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Search Results: 1 - 10 of 29783 matches for " Early Childhood Education "
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Metacognition as Methodology for Continuing Education of Teachers  [PDF]
Evelise Maria Labatut Portilho, Giovanna Beatriz Kalva Medina
Creative Education (CE) , 2016, DOI: 10.4236/ce.2016.71001
Abstract: In Brazil, the discussion on teacher education has been expanding and deepening due to numerous factors, including the quality of education and teachers’ professional development. As a consequence, it is observed a decrease in demand for the teaching career and the students’ low performance in national and international research on learning assessment. Therefore, there is an urgent need for investment in the continuing teacher education, considering the meeting of peers in their own context in which the pedagogical action happens. This article presents the research developed in a Municipal Early Childhood Center of Curitiba/Paraná/Brazil, aiming to describe and interpret the metacognitive methodology used in continuing education of 32 teachers, according to hermeneutic phenomenology. The thematic and dynamic observation records performed in 6 meetings with the participants were used as the research instrument. The results indicate that the participants have, in principle, resistance to a new model of continuing education, mainly because it runs away from the routine established in the institution and by the unfamiliarity with the reflective practice. On the other hand, an aspect highlighted by the group was the opportunity they had to relate the life experience with the work experience. The data confirm that metacognition as methodology for continuing education gives space within the institution so that teachers can talk, listen, discuss and learn with their peers; as well as it enables to look at themselves and at their professional performances, with view to joint and effective actions.
Early Childhood Care and Education in Botswana: A Necessity That Is Accessible to Few Children  [PDF]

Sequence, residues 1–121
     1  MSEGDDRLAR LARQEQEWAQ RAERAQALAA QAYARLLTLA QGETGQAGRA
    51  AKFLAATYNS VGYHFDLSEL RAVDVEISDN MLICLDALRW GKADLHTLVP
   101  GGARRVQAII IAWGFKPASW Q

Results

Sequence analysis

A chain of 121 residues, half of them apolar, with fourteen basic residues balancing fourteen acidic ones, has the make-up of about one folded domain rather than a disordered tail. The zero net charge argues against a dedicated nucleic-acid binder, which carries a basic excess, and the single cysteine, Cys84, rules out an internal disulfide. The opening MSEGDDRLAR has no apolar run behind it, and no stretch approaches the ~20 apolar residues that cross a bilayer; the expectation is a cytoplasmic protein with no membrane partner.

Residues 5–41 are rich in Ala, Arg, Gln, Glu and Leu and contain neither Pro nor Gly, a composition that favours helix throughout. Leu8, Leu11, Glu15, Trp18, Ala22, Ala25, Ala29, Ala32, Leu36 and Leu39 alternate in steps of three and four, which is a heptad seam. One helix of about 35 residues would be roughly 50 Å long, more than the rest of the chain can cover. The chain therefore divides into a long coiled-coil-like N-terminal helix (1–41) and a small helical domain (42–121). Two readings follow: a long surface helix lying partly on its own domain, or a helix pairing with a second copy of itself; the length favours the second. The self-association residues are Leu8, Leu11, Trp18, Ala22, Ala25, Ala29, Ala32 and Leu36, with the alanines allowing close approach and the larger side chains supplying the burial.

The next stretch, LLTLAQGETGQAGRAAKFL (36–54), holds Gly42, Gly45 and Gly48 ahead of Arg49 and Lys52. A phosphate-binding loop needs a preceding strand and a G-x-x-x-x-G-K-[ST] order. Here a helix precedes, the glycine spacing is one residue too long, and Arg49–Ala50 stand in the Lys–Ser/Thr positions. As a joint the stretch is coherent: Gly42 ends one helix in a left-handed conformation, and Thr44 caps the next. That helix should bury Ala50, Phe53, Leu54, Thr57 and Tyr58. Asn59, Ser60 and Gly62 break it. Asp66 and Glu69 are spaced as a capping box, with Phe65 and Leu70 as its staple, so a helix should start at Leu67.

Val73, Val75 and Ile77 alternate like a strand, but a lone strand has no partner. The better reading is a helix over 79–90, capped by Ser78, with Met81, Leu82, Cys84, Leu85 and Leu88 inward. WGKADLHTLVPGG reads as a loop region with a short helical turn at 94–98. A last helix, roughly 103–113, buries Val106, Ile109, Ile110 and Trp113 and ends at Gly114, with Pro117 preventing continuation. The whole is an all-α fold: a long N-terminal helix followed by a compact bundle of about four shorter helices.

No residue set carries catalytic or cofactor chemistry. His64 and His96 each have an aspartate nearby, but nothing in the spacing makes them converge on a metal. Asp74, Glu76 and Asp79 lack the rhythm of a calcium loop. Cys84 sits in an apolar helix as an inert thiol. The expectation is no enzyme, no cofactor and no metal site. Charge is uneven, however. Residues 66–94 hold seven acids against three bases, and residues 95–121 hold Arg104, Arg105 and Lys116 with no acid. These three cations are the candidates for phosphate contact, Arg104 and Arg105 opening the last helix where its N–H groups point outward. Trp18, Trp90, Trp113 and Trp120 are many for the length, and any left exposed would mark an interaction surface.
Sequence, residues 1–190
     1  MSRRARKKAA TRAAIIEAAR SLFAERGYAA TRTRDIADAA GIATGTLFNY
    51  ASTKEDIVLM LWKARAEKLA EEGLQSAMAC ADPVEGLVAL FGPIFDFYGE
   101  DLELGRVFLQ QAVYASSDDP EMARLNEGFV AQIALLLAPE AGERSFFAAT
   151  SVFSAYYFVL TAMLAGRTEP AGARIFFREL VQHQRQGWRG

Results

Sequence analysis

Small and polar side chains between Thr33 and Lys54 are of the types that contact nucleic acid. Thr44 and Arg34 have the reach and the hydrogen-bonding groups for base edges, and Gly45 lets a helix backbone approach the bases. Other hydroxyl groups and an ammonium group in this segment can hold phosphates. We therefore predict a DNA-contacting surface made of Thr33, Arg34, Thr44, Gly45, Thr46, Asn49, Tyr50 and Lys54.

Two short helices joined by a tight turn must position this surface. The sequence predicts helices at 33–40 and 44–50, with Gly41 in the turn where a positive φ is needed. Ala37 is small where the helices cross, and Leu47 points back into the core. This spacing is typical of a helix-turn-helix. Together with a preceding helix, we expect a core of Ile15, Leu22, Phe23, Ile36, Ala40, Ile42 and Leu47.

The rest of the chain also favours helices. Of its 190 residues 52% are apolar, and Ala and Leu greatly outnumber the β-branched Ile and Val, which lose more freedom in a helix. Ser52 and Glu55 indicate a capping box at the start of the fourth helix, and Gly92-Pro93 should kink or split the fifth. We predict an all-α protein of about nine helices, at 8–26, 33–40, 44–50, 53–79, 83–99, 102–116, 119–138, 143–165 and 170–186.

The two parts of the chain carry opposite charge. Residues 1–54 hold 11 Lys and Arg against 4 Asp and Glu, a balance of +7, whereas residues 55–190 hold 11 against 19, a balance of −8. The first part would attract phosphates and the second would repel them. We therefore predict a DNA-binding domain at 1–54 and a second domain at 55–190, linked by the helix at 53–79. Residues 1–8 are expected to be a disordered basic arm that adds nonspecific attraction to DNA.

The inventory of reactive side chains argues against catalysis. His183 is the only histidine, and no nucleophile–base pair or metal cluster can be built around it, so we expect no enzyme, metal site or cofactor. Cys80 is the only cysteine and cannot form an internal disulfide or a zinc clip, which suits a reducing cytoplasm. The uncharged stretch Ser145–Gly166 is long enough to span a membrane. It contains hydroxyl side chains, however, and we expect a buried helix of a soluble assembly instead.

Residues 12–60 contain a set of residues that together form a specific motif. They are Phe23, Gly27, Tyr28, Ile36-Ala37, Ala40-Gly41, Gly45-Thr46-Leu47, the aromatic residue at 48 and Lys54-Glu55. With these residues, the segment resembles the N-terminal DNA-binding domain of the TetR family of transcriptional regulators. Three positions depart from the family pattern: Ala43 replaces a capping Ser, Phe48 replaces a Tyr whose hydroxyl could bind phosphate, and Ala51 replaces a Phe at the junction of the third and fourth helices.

Tapologo Maundeni
Creative Education (CE) , 2013, DOI: 10.4236/ce.2013.47A1008
Abstract:

Early Childhood Care and Education (ECCE) programs are essential because they boost children’s perceptual, physical, mental, linguistic, emotional, social and intellectual development. Despite the benefits of ECCE, such programs are accessed by just a handful of children in the context of Botswana. Hence a majority of children who are eligible for ECCE programs tend to miss out on the benefits of such programs. The purpose of this paper is three-fold. First, it provides brief background information about the development of ECCE in the country. Second, it discusses why and how little attention has been paid to ECCE in the country. Third, it highlights implications of excluding many children from ECCE. The author concludes by making several suggestions that could go a long way to ensure that children eligible for ECCE have access to ECCE programs of good quality.

Influences of Confucianism on Chinese Parents’ Experience with Early Childhood Education  [PDF]
Shaohua Hong, Andrew Howes
Open Journal of Social Sciences (JSS) , 2014, DOI: 10.4236/jss.2014.27007
Abstract: Confucian concepts have long been seen as reflecting the main component of Chinese cultural civilization, which started in around 500 B.C. after Confucius passed away. There have been two significant Confucian movements. The earlier one appeared in the 12th century, during the regime of the Song Dynasty, and the later one started in the 20th century. These movements were both generally called new Confucian or Neo-Confucian. The rise of neo-Confucian thinking affects people from various aspects, including the way Chinese parents experience their child’s early childhood education. This paper attempts to understand how Confucianism influences Chinese parents’ experience with Early Childhood Education (ECE) by drawing upon a longitudinal study with a father from Urumqi, North-West of China, who sent his child to a local Confucian concept kindergarten, analysing tensions and contradictions within his experience. A series of in-depth interviews have been held with him over a period of a year, in particular relating to his selection of kindergarten and on-going perspectives. It has been revealed from this father’s testimony that his experience is a process of going through a hybrid of cultural influences, which are Confucianism, Positivism and Western concepts. It has also been proved that his constant learning of Confucianism had an unavoidable influence on his experience. Moreover, his growth to personal maturity was also intertwined together with Confucianism, which therefore strengthened his commitment to Confucianism.
Challenges for Early Childhood Education: “Proinfancia”—From Policy to Practice  [PDF]
Maria Fernanda Rezende Nunes, Fernanda Bezerra de Almeida, Leandro Henrique de Jesus Tavares
Creative Education (CE) , 2016, DOI: 10.4236/ce.2016.72022